Advances in Horizontal Openhole Gravel Packing
- Syed A. Ali (Chevron Energy Technology Co.) | Tommy F. Grigsby (Halliburton Co.) | Sanjay Vitthal (Shell Intl. E&P Co.)
- Document ID
- Society of Petroleum Engineers
- SPE Drilling & Completion
- Publication Date
- March 2006
- Document Type
- Journal Paper
- 23 - 31
- 2006. Society of Petroleum Engineers
- 1.6 Drilling Operations, 5.4.10 Microbial Methods, 2.1.7 Deepwater Completions Design, 3 Production and Well Operations, 5.3.4 Integration of geomechanics in models, 2.4.3 Sand/Solids Control, 2 Well Completion, 2.2.2 Perforating, 2.3 Completion Monitoring Systems/Intelligent Wells, 1.6.1 Drilling Operation Management, 1.10 Drilling Equipment, 2.4.6 Frac and Pack, 1.6.2 Technical Limit Drilling, 4.2.3 Materials and Corrosion, 2.4.5 Gravel pack design & evaluation, 1.10.1 Drill string components and drilling tools (tubulars, jars, subs, stabilisers, reamers, etc), 5.1.2 Faults and Fracture Characterisation, 4.1.5 Processing Equipment, 3.2.4 Acidising, 4.1.2 Separation and Treating, 1.8 Formation Damage, 1.6.6 Directional Drilling, 5.4.2 Gas Injection Methods, 5.2 Reservoir Fluid Dynamics, 2.7.1 Completion Fluids, 4.5 Offshore Facilities and Subsea Systems, 1.14.3 Cement Formulation (Chemistry, Properties), 1.11 Drilling Fluids and Materials, 2.2.3 Fluid Loss Control
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Technological advancement in horizontal drilling and openhole completing techniques for soft-rock formations finally has bridged the gap between the drilling and completion disciplines. The success achieved with openhole gravel packing has created a mainstay completion technique that has been used in deepwater developments in Brazil and West Africa to deliver reliable, high-rate well completions. The technology also has been an enabler for heavy-oil developments [American Petroleum Inst. (API) gravity < 20°, y > 0.934] in Brazil and the North Sea that otherwise would have been uneconomical.
This article discusses where the industry started, how technology has evolved, and the lessons learned that are being applied to increase the application envelope and reliability of this completion method. The review covers advances in openhole-drilling techniques that eliminate hole tortuosity, gravel-pack fluids that can reduce rig time and enhance well productivity, and improvements in downhole tools that have, or potentially will, reduce risk while reducing completion cycle time. This review also will briefly examine a possible replacement technology.
Completion reliability and the potential to achieve significantly higher sustainable production rates are two major drivers that have led to openhole horizontal gravel packing (OHHGP) acceptance as a mainstay deepwater-completion method. Interval lengths in excess of 2,500 ft are now fairly common. In January 2003, the latest world-record horizontal gravel pack was completed with a length of 8,305 ft (2531 m) in the Captain field in the North Sea (Wehunt et al. 2003).
During the early 1990s, the development of enhanced drilling and fluids technology led to advances in extended-reach and horizontal drilling (Restarich 1992, 1993; Jones et al. 1997). Screen-only completions became a favored completion mode for completing in long, openhole soft-rock formations, with wells providing the capability to deliver high production rates (Ghiselin 1996; Harrison et al. 1990; Marestad et al. 1996). This technique is still being used successfully in West Africa, the North Sea, and lower-pressured gas sands in the Gulf of Mexico shelf. But partly because of the huge variance in formation types and lack of shale isolation, this completion method experienced high failure rates as dirtier, more laminated reservoir sands were completed (Ali and Dearing 1996). The move from the shelf to deep water was another primary driver in efforts to increase reliability while maintaining the high flow-rate capability required for project sanction. Also, the capability to expose increased reservoir rock in low-productivity reservoirs has led to higher productivity than what has been possible with a conventional vertical or moderately deviated wellbore. In the mid to late 1990s, the horizontal openhole gravel-packing technique was refined with the basic downhole-tool systems being used today (Foster et al. 1999; Duhon et al. 1988; Chambers et al. 2000).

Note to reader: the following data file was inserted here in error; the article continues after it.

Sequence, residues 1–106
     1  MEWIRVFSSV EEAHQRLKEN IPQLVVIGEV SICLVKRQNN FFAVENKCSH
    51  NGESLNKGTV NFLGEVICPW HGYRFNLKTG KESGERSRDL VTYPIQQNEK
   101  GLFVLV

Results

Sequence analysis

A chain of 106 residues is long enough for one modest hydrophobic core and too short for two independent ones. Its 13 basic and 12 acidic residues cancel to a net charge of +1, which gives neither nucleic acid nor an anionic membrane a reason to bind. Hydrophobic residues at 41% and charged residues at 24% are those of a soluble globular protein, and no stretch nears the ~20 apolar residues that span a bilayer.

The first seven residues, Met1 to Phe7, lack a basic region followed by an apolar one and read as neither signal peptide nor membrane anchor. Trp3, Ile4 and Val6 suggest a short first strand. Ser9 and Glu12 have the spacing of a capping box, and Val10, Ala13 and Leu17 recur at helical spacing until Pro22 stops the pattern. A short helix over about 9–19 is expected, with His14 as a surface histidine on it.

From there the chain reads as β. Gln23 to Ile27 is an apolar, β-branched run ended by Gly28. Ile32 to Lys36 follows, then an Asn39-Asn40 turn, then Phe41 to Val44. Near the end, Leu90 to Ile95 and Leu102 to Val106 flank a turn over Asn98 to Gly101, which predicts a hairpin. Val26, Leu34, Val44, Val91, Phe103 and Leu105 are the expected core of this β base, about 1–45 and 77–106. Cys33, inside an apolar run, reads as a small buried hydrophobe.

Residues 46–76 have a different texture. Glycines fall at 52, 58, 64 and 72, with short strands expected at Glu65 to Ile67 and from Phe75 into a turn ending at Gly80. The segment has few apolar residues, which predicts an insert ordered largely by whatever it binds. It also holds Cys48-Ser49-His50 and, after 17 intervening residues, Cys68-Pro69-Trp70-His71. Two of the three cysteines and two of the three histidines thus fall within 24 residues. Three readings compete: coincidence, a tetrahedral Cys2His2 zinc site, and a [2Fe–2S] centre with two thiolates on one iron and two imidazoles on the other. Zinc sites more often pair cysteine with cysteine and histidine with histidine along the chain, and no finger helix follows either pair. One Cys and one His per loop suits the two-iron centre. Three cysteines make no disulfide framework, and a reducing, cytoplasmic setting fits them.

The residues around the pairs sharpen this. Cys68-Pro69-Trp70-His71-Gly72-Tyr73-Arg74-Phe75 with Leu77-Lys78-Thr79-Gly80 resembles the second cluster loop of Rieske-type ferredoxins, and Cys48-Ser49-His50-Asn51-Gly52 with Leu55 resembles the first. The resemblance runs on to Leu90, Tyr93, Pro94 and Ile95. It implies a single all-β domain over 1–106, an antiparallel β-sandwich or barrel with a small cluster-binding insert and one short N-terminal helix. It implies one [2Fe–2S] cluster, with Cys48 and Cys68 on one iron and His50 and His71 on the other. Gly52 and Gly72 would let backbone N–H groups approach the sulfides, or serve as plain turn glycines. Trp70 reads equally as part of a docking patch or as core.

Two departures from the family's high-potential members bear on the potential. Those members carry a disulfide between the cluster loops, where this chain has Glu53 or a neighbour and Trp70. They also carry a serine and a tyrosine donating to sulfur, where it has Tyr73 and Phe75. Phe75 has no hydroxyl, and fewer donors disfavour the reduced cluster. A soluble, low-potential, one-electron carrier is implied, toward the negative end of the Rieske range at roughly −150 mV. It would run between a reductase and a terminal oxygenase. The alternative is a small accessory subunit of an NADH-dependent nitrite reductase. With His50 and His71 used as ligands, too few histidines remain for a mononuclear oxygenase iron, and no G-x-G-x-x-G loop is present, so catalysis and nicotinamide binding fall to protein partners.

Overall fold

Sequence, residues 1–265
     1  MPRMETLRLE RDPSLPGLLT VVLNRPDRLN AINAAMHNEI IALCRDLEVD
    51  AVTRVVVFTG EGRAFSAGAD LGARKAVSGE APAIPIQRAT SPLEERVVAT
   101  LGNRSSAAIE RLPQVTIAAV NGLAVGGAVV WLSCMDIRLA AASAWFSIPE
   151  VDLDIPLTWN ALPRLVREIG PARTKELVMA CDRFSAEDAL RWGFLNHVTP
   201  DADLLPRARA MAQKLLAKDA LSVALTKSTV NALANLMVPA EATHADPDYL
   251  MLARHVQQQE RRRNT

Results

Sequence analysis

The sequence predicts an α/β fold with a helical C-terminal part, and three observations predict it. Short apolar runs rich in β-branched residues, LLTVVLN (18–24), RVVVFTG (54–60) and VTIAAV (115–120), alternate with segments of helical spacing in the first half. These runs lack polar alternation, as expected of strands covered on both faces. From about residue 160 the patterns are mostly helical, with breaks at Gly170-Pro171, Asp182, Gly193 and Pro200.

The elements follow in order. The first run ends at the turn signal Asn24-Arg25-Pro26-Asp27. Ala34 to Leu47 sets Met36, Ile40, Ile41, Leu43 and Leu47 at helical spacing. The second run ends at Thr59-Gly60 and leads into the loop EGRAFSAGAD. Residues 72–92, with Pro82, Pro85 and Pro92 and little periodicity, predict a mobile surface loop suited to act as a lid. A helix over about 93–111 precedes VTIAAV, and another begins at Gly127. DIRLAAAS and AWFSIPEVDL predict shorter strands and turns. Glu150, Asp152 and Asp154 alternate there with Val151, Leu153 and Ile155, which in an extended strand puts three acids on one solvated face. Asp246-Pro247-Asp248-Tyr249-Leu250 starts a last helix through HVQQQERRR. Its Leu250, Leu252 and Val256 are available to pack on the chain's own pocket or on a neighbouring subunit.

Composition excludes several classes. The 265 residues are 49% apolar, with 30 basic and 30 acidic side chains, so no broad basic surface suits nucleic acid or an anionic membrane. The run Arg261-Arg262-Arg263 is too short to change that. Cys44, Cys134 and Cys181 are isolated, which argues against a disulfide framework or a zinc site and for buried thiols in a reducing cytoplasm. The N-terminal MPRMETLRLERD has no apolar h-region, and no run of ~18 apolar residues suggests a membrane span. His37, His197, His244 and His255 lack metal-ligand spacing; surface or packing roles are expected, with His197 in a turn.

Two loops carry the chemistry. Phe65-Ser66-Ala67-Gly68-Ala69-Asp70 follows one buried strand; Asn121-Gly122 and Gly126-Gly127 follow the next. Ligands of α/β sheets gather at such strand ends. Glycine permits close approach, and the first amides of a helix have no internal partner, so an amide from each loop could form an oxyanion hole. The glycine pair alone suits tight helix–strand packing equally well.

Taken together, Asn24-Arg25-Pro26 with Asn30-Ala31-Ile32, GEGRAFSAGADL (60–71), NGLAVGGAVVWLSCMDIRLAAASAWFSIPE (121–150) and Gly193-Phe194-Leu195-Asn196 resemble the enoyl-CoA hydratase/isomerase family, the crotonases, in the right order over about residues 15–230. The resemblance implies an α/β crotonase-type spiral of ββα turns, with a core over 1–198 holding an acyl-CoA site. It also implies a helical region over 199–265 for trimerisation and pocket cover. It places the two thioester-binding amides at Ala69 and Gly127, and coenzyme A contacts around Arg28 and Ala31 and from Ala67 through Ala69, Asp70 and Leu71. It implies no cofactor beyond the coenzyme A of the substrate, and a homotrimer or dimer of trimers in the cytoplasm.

The ongoing improvements in drilling equipment, drilling and drill-in fluids, filter cake, downhole tools, and screens continue to further expand the application envelope for openhole horizontal gravel packing. However, as with any other evolving technology, there are still limitations that must be addressed. One of these has been that the reservoir completed must have a sufficient pressure difference between pore pressure and fracture gradient to allow gravel-pack placement. Devices to lower equivalent circulating density to allow the successful packing of longer intervals with tighter pressure spreads are now available. Invert gravel-pack fluids that eliminate the need to switch from an oil-based mud (OBM) or synthetic oil-based mud (SOBM) system to a brine-based, solids-free, gravel-pack fluid are now being marketed. Further improvement in brine-based, gravel-pack fluids has led to the development of an in-situ acid-generating fluid that has been designed to eliminate the need for a post-acid treatment in injection wells and producers.
Drilling equipment also has been advancing. Bottomhole assemblies (BHAs) that drill straighter holes and eliminate the spiraled tortuosity normally associated with conventional drilling assemblies are now available. These aid in placing the screen assembly on depth and in achieving successful sand placement by enhancing hole cleaning and reducing torque and drag.
|File Size||1011 KB||Number of Pages||9|
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